Our Guide to Low Intensity Interval Training (LIIT) will help answer most of the questions you have.Hello!
I did Eat, Train, Love today. And I plan to do a more restorative yoga flow later.
I trained to basic failure twice during this workout, once I could replace the dumbbells with lighter versions and kept going.
I have a question for those knowledgeable about nutrition and sports...
I've read this thing online (I actually think it was on ruled.me) that says low intensity training might be better for people on keto to train the body to use ketones more efficiently for energy.
Okay, so how exactly do I make a dumbbell workout low intensity?
The reasoning seems to be that the muscles need glucose past a certain point in training, which is why they fail earlier due to carb shortage.
The recommendation is to lift heavier weights (I only have the dumbells), which you can only do 5 reps with, and then rest for 3 minutes instead of two, because that allows the muscles to use ATP and ketones instead.
The other option, of course, is to do a more targeted keto where a certain amount of carbs (hell if I know how much) is consumed just before a workout, but I'd rather try normal keto first.
In the end though, does it actually matter for strength/muscle gains as long as you are eating enough protein and calories and training to failure? Doesn't failure, even if it happens earlier, lead to gains anyway? @Fremen @HellYeah @Damer
I'll give that a read, hadn't seen it yet.Our Guide to Low Intensity Interval Training (LIIT) will help answer most of the questions you have.
I will also add, for clarity, that the only fuel muscles use is ATP. Everything else is subject to that. Ketones is a chemical used in the blood to break down fat but that is a process known as lipolysis intended to replenish ATP. Everything that is broken down by the body is, essentially, a carbohydrate that is intended to replenish ATP supply.
Thanks for the answer! Doesn't sound like that would be an issue in my case. I'm just interested in maintaining bone density as I get older at this point... or to age gracefully I suppose.@Nevetharine hi, it is balanced, yes, but there is a caveat. You can just follow the workout of the day indefinitely and it'll give you a pretty good overall structured training regimen. We specifically pick the workouts that complement each other if you do exactly that, follow the daily recommendation. You will get cardio, strength, hiit, ab work etc - we also mix things up, add some yoga, stretching, very light work to help you recover etc. It's not random at all There is a small "but" there, though. We only feature workouts that require no equipment so anyone can follow them. Unfortunately, that often excludes workouts with "pull" motions - for those you need a pull-up bar or dumbbells. There are some workarounds (and we implements them all in our no-equipment workouts) but if your goal is to build back and biceps to a higher extend, following our workout of the day is not enough. It's more than enough if your goal is general fitness and well-being, core strength, VO2max, endurance etc but not, well, bigger arms and back. In your case, though, I am guessing this is not an issue? So I would say go for it, especially if you find the workout of the day easier to follow.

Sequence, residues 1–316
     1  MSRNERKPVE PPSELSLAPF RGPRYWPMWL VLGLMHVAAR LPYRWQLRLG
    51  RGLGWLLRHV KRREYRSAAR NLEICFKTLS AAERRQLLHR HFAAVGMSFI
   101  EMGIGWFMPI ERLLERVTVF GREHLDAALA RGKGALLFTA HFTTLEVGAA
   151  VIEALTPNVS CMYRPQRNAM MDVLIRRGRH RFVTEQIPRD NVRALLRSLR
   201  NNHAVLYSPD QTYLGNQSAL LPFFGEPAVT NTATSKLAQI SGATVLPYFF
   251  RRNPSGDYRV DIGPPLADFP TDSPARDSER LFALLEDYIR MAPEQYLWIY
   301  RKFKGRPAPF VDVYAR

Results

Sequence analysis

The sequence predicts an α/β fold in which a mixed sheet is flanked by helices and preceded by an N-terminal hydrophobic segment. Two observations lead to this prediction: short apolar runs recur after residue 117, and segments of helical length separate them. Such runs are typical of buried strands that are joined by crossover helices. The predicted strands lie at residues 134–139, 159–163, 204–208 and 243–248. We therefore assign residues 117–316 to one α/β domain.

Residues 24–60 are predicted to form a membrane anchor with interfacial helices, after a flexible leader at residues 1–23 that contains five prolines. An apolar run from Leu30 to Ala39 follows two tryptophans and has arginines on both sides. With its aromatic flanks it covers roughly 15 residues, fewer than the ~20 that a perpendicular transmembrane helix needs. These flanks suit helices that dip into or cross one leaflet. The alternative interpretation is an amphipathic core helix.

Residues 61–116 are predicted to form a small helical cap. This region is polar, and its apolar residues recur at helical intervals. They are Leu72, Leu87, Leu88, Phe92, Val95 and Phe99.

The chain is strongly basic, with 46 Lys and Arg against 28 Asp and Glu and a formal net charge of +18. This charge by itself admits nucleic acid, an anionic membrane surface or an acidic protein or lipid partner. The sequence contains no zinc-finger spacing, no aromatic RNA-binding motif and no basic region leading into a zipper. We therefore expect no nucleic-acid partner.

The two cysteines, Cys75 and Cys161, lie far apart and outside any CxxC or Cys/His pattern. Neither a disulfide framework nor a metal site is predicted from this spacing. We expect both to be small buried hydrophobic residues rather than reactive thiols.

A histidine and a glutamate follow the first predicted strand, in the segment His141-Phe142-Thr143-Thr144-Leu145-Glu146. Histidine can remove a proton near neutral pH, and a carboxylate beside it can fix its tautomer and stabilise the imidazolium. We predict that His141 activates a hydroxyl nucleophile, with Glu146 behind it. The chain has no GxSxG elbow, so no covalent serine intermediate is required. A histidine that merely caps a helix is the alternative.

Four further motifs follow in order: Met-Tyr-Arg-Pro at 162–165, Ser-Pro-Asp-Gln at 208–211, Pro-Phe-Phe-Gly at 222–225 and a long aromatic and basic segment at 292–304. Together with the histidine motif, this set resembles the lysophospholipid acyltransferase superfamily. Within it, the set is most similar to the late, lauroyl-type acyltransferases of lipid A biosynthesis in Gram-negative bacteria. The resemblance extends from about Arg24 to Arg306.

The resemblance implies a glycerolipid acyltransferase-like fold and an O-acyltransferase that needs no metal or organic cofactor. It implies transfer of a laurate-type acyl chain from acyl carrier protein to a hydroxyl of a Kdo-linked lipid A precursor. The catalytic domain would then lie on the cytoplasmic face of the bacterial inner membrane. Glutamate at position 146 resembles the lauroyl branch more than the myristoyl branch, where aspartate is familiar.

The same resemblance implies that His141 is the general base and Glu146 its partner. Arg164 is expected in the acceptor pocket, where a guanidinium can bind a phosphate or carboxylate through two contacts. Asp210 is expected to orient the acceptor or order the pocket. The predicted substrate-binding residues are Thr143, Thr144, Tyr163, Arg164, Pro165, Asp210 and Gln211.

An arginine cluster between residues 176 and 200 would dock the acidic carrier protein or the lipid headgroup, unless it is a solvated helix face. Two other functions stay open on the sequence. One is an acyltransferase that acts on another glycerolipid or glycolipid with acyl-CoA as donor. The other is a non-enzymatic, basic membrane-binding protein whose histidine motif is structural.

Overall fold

I hope this helps!
You guys should make a full-body 5-10 minute dumbell workout. Maybe I'd be able to stick to that.It's not you, it's just the world around us right now. We are all exhausted, physically and mentally. It's difficult to stick to anything right now, stay motivated or just spend time on self care. You are not alone, that's all I am saying
One thing you get with the workout of the day is that it's going to be something different every day. Our programs tend to have set structure with things being somewhat on repeat. And although it is by design, it can be not as exciting, I guess. That's said, a lot of the latest research indicates that for women's health in particular - bone density included, weight training is very, VERY beneficial. Even if you do 5 minutes a day, on the side. It's one of the reasons we are now adding more dumbbell / kettlebell / barbell workouts to the database. I personally do both - circuit and classic weight training exactly for that reason. As I am getting older, I really feel it It's just my two cents. My core belief is that you should do things that you enjoy, so long as you do something. The goal here is to keep going
I don't know about it being satiating. But the darker the chocolate, the less the sugar. So if your chocolate is super dark, you're not getting the same sugar rush followed by a crash that encourages more eating. I have some 90% cocoa chocolate that is only 1g of sugar per 15g. The 47% cocoa bars from the same company, on the other hand, are 50% sugar by weight. (I don't even want to think about how much sugar is in milk chocolate.)I don't know what's this that people keep saying about how 85% dark chocolate is so much more satiating than lower cocoa chocolate. I can, and have, eaten a whole 100g bar in one go.